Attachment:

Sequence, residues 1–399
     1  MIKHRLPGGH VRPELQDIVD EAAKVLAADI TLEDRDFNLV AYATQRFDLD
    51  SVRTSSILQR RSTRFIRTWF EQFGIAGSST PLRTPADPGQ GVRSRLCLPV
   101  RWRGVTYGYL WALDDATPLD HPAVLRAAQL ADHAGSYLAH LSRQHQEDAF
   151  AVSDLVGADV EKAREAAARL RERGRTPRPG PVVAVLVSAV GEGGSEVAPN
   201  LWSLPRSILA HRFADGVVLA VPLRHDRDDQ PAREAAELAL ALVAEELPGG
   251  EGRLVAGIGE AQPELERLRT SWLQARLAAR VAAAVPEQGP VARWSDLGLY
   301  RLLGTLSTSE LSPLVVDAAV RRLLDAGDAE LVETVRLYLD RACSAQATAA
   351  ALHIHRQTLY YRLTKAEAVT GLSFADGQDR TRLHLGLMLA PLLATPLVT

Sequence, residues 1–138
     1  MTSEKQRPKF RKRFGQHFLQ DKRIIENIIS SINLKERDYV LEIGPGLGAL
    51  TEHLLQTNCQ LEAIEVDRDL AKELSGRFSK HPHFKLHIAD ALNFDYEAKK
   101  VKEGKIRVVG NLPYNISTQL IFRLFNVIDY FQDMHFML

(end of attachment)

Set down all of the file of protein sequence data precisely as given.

Sequence, residues 1–399
     1  MIKHRLPGGH VRPELQDIVD EAAKVLAADI TLEDRDFNLV AYATQRFDLD
    51  SVRTSSILQR RSTRFIRTWF EQFGIAGSST PLRTPADPGQ GVRSRLCLPV
   101  RWRGVTYGYL WALDDATPLD HPAVLRAAQL ADHAGSYLAH LSRQHQEDAF
   151  AVSDLVGADV EKAREAAARL RERGRTPRPG PVVAVLVSAV GEGGSEVAPN
   201  LWSLPRSILA HRFADGVVLA VPLRHDRDDQ PAREAAELAL ALVAEELPGG
   251  EGRLVAGIGE AQPELERLRT SWLQARLAAR VAAAVPEQGP VARWSDLGLY
   301  RLLGTLSTSE LSPLVVDAAV RRLLDAGDAE LVETVRLYLD RACSAQATAA
   351  ALHIHRQTLY YRLTKAEAVT GLSFADGQDR TRLHLGLMLA PLLATPLVT

Sequence, residues 1–138
     1  MTSEKQRPKF RKRFGQHFLQ DKRIIENIIS SINLKERDYV LEIGPGLGAL
    51  TEHLLQTNCQ LEAIEVDRDL AKELSGRFSK HPHFKLHIAD ALNFDYEAKK
   101  VKEGKIRVVG NLPYNISTQL IFRLFNVIDY FQDMHFML